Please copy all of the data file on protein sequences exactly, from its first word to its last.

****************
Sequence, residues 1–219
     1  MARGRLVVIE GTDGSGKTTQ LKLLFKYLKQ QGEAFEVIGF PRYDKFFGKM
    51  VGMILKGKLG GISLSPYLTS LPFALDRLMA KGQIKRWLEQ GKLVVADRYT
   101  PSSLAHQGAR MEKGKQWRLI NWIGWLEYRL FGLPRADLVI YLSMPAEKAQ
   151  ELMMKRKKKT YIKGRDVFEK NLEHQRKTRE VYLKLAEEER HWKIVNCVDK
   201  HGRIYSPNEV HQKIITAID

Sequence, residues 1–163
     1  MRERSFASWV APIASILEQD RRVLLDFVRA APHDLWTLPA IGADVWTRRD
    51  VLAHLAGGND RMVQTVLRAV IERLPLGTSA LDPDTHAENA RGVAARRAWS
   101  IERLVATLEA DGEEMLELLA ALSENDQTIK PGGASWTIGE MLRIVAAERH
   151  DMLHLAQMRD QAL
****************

Sequence, residues 1–219
     1  MARGRLVVIE GTDGSGKTTQ LKLLFKYLKQ QGEAFEVIGF PRYDKFFGKM
    51  VGMILKGKLG GISLSPYLTS LPFALDRLMA KGQIKRWLEQ GKLVVADRYT
   101  PSSLAHQGAR MEKGKQWRLI NWIGWLEYRL FGLPRADLVI YLSMPAEKAQ
   151  ELMMKRKKKT YIKGRDVFEK NLEHQRKTRE VYLKLAEEER HWKIVNCVDK
   201  HGRIYSPNEV HQKIITAID

Sequence, residues 1–163
     1  MRERSFASWV APIASILEQD RRVLLDFVRA APHDLWTLPA IGADVWTRRD
    51  VLAHLAGGND RMVQTVLRAV IERLPLGTSA LDPDTHAENA RGVAARRAWS
   101  IERLVATLEA DGEEMLELLA ALSENDQTIK PGGASWTIGE MLRIVAAERH
   151  DMLHLAQMRD QAL